Kangaroo closeup

A frosty reception

Hobart and Canberra rank as two of the coldest cities in Australia. As winter temperatures set in, spare a thought for our latest acquisition, the Forester kangaroo taxidermy specimen. In late 2013, this female kangaroo died of natural causes within the Boronong Wildlife Sanctuary in Brighton, Tasmania. The taxidermy was commissioned by the National Museum of Australia and prepared by Tom Sloane from the Tasmanian Museum and Art Gallery.

The kangaroo has arrived from Hobart at the National Museum’s storage facilities at Mitchell, a suburb on the outskirts of Canberra. Unfortunately, the welcoming committee was far from warm. As soon as the kangaroo was removed from the packing crate, she was covered in calico and plastic wrappings and put into the freezer.

There she remained for a week, at a constant temperature of minus 21 degrees C. Continue reading

Hobart case in the Landmarks gallery with Forester kangaroo on loan from TMAG. Photo: National Museum of Australia

A crash course in taxidermy

WARNING: This blog post contains images which may be upsetting to some readers

The role of an assistant curator in a museum encompasses many different tasks, but one, which I had not envisaged is the procurement of taxidermy specimens. When asked to investigate the possibility of commissioning a specimen of a Forester kangaroo for our Landmarks gallery, I was slightly apprehensive. My knowledge of taxidermy, as I imagine for most people, was extremely limited.

As a child, I remember visiting museums and staring in wonder at exotic animals and birds, allowing my imagination to take me to places and dreaming of seeing these creatures in their natural environment. Continue reading

Colonel Light's vision from Montifiore Hill, North Adelaide, showing the new stands of the Adelaide Oval. Photo: David Niven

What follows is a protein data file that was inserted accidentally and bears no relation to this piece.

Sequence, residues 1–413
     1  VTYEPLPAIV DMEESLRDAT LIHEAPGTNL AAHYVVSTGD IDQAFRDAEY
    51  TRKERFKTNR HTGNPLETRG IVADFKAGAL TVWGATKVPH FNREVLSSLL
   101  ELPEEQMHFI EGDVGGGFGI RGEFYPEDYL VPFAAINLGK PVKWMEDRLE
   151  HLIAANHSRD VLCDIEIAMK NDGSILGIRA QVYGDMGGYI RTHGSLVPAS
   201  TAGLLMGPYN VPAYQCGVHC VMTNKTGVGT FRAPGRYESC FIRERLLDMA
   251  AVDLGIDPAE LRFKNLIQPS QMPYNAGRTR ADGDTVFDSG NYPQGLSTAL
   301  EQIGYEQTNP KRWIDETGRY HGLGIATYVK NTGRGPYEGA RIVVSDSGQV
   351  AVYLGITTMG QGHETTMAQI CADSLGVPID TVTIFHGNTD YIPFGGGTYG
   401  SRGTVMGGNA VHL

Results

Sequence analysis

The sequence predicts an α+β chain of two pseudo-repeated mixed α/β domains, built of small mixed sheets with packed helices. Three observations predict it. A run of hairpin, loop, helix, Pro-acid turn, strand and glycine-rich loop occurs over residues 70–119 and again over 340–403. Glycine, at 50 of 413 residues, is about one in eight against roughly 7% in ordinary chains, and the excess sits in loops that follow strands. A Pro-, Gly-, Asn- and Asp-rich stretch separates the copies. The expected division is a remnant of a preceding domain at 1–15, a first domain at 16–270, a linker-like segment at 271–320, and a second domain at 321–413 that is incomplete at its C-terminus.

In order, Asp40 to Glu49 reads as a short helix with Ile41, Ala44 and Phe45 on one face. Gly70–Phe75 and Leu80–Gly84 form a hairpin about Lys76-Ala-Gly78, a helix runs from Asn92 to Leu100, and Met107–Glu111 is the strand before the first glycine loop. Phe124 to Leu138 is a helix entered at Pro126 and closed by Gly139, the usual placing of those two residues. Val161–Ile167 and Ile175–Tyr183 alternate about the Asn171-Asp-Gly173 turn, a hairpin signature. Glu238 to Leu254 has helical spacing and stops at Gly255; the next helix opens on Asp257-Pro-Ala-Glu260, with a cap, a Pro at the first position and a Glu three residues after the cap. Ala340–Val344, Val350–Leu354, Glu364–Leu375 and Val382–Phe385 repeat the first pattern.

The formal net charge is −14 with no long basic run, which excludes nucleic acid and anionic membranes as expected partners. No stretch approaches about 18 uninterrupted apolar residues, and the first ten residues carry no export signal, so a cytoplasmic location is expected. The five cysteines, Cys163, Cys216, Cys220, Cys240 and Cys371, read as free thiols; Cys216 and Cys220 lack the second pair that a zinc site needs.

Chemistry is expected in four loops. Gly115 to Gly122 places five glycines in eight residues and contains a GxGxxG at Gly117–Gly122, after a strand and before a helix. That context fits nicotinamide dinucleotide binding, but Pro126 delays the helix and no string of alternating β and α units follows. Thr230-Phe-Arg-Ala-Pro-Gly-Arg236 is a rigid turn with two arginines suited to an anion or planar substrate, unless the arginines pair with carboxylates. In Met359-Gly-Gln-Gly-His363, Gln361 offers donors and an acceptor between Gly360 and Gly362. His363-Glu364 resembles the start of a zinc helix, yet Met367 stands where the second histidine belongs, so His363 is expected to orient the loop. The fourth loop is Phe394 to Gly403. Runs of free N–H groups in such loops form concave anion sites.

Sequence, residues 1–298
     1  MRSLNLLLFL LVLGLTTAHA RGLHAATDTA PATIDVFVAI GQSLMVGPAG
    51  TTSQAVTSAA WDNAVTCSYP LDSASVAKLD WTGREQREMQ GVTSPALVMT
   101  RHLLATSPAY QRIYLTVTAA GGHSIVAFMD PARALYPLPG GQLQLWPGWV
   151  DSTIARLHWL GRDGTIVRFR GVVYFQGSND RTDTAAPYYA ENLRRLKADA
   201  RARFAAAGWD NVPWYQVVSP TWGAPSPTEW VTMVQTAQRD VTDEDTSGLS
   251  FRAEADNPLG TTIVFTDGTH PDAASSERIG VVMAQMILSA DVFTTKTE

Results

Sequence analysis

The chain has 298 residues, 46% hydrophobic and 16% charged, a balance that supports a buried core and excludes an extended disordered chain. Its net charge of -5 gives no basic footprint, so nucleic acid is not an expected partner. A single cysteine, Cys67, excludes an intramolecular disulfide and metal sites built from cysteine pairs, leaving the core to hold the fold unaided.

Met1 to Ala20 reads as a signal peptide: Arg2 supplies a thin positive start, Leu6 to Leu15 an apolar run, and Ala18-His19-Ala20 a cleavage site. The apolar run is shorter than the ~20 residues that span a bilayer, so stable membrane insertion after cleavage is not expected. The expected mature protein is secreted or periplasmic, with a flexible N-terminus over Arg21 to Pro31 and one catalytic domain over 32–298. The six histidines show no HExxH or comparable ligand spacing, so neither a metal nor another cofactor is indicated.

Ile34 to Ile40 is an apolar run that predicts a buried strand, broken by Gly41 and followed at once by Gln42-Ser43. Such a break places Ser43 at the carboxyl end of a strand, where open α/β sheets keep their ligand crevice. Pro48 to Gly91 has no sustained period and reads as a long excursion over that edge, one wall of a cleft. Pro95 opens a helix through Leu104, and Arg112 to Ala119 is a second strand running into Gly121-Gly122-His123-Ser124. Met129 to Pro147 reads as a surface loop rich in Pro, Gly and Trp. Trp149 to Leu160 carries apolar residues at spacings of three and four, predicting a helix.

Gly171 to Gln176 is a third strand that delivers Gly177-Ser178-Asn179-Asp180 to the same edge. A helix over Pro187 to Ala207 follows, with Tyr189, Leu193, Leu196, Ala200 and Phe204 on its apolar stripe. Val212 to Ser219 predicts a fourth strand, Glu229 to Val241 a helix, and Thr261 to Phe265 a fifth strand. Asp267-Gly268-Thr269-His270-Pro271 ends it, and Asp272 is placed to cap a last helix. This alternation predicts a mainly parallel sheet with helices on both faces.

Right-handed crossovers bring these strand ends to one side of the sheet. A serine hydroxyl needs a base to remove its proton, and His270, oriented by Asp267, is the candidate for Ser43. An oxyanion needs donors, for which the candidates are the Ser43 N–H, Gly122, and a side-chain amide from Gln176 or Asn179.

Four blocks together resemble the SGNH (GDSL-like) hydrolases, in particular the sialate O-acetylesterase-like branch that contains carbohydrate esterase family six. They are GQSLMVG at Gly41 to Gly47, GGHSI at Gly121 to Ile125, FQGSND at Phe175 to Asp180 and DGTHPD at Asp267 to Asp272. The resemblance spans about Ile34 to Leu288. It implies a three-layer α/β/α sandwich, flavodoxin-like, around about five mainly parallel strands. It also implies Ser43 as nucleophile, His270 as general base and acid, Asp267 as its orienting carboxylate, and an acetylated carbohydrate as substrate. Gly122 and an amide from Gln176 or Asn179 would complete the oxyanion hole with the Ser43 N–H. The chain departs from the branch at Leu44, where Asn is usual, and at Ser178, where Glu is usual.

Light’s vision hit for six

As the second Ashes test on Australian soil for the 2013-14 series begins in Adelaide tomorrow, I wonder what Colonel Light would think of the growth of his city and in particular the re-development of Adelaide Oval. Since 1938, the statue of Colonel Light has watched over the city of Adelaide, perfectly positioned on Montefiore Hill. The view towards the city, with Adelaide Oval in the foreground, is known as Light’s Vision and has for many years featured on postcards and promotional shots of Adelaide. Continue reading

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An early morning view of Melbourne

The installation of new objects to our galleries is often done in the mornings, before the Museum opens to the public. Staff members from curatorial, conservation, registration and exhibitions are all involved in the process.

A recent addition to our Landmarks gallery is this wood engraving showing a panoramic view of Melbourne by the artist, Thomas Carrington. It was originally published as a supplement to the Melbourne weekly paper, The Australasian, and shows the rapid expansion of the city during the 1870s. After many hours of research, writing, conservation treatment, design and planning, it is great to finally see the object on display.

Continue reading

Cartoon poster of Aunty Uvy

Everybody had an ‘Aunty Ivy’

…or an Aunty Hilda or an Aunty Edna.

There is something very familiar and comforting about ‘Aunty Ivy’. The character was introduced to the ‘Life. Be in it.’ public health campaign in the late 1980s, as a contrast to couch potato, ‘Norm’, who spent his days watching television. ‘Aunty Ivy’ was energetic and encouraged people to get out into the garden, enjoy the fresh air and, without even realising it, improve their health. Her personality is easy to relate to, that older mentor with an infectious enthusiasm and passion, in this case, for gardening. Continue reading